Monday, August 20, 2007

Leadville 100

In the summer of 2003 I traveled to Leadville, Colorado to compete in the “Race across the Sky” as the third leg of my Grand Slam attempt. This particular event is unique in that it is held on a course that is generally easy but because of the altitude more than half of the competitors never make it to the finish line. All of the western 100’s scared me to death of but this specific one concerned me the most. Not only did I face the challenge of running 100 miles but I also faced the real risk of death in the form of pulmonary edema.

I can remember looking at the mountains as I made the drive down Interstate 70 on my way from Denver to Leadville. I was stunned by their ruggedness yet enjoyed their sheer beauty. I knew I was close to my exit when in the distance I could see an enormous mountain seemingly calling my name. It was gigantic, enormous, and rugged and it had friends. By the time I made it to Leadville my eyes were open wide and my heart was beating out of control. I felt the first effects of the altitude as soon as I stepped out of my car when I became quickly sluggish and was overcome by a pounding headache. I knew right then that I had a lot of work to do over my two week stay in order to acclimate.

I had the most amazing time in Leadville, as I was alone for one week with no responsibility and no one looking for me or depending on me for anything. I climbed mountains, read books, and exercised constantly. That was it, that was all I had and I loved it! The following week my brother and mother joined me and though I now had company I still had a blast.

Though I had acclimated for two weeks I still felt sluggish the day of the race and had some concerns about that lack of energy. I knew the day that I signed up that I would face new challenges in a race in this environment and would have to find a way to overcome them. Only half of the 500 participants would finish the race and if I were to be one of them I had to dig deep inside and find something I never knew I had.

The course is fairly easy and flat for the first 13 miles yet I struggled to get there in a decent time. I literally did not have the energy to move as fast as I normally would. The thin air sapped the power right out of me so I was forced to run slow and consistent and hope it would be enough. Over the next 10 miles there was one major climb up Sugarloaf Mountain and then the course flattened out once again. The next 7 miles I was bored to death on the route from the Fish Hatchery to Half-moon Campground because there was absolutely nothing but asphalt and dirt roads in front of me. My mind was weak and I was forced into a walk for several miles. Once through the campground the runners were led back out onto single track until reaching the 40-mile mark at Twin Lakes. I enjoyed this section and was able to run most of it into the small town but lurking just ahead was Hope Pass.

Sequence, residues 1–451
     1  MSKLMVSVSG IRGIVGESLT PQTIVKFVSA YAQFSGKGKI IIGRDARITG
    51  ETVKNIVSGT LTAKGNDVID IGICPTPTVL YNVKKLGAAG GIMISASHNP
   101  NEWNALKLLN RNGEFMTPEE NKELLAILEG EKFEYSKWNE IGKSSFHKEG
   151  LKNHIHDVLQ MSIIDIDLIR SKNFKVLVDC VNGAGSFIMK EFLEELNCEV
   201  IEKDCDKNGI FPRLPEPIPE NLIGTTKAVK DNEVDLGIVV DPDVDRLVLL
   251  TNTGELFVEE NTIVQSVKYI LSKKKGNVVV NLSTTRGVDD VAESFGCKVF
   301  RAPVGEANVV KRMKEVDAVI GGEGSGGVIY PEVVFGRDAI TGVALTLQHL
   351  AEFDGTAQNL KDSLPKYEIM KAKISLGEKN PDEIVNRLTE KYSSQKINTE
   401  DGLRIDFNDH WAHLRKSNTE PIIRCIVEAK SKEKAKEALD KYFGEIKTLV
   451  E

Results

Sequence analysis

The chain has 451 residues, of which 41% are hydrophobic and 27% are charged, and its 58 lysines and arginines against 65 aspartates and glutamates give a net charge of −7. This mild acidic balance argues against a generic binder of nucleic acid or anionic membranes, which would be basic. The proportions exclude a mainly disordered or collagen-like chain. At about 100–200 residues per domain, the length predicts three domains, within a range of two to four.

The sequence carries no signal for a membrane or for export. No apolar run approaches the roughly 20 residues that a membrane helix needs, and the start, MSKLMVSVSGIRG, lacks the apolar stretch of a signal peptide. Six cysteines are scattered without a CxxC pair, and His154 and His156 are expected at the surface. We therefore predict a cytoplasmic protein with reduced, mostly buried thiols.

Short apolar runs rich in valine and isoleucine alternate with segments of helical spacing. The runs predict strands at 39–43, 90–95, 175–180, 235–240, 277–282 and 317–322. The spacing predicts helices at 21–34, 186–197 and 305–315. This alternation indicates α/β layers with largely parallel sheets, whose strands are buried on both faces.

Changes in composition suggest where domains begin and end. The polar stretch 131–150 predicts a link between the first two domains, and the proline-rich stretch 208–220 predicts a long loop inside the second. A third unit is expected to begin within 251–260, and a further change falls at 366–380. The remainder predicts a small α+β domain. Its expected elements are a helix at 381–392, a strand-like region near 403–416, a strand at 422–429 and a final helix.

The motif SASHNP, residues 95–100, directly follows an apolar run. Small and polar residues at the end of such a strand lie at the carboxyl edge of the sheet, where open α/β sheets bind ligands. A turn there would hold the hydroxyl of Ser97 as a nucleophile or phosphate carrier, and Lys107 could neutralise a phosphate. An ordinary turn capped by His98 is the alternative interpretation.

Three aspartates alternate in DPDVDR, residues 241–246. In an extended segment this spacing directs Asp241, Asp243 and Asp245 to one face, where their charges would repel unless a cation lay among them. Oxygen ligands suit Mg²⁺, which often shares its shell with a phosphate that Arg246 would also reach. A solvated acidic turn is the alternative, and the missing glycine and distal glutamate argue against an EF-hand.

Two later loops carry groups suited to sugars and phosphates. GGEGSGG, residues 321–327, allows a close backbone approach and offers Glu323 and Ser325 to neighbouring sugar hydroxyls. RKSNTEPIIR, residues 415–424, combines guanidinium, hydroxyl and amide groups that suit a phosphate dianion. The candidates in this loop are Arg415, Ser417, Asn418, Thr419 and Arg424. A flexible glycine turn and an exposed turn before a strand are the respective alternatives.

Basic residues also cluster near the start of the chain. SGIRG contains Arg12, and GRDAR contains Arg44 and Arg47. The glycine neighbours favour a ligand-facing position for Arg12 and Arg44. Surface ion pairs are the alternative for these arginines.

There was only a total of 10 miles to get over and back Hope and then back into town but it was a brutal 10 miles. The climb up was long but not very steep. The climb back? Well I have no words to explain how tough the trip back over Hope was but I can assure you it was Hell even though I felt like I was climbing to Heaven. I was told in advance that if I could make it over and back Hope Pass within the time limit that I would finish. I had no idea just how hard that would be. When I reached the top of Hope Pass going outward bound the weather turned ugly. I was not prepared for the hail, wind and rain that were beating down on my half naked body. It was just another challenge and in fact it would not be my most difficult challenge of the race.

I did make it over and back Hope Pass and was well on my way to finish when all of the sudden my spirits dropped and thoughts of quitting entered my mind. The trail I traveled was one in which I knew because I traveled the same trail on the way out. This time, however, it was dark and it seemed to never end which in turn disappointed me and left me in despair. Once I finally reached the aid station at Half-moon campground I was determined to quit but first I decided to sit and think a while. I looked around at the others in the aid station and saw real pain and real injuries both of which I did not have. I had no excuse to quit so I forced myself up and made myself run. When I reached my brother a couple of miles up the road I told him that I had almost quit and he told me that if I did he would have kicked my butt.

After that other than facing a few snow flakes on Sugarloaf Mountain and some tendonitis on the top of my foot I had no trouble getting back into town to finish. It’s a great race but hard as hell. I gained memories that I will never forget and gained a great respect for those that can give their best effort in these conditions.

Why write about this you may ask? Well I had a few friends compete in this very same race last weekend, some made it and some didn’t. I know everyone that participated did their best and though only half finished each was successful and each has something to be proud of. There are a lot of factors that we as individuals have no control of that can effect the outcome of our races. The only thing that matters is that deep down inside we know we gave our best effort. It doesn’t matter what anyone else thinks, it only matters what you know.



Blogger philrosenstein said...

Great write-up of your race Dave! I wish I had read it before I wrote my report on this year's race.

Also, great news in your last post about feeling good while running.

Next on my list of reading material is your Wasatch race report. It's great to be able to learn from the best!!


10:47 PM  

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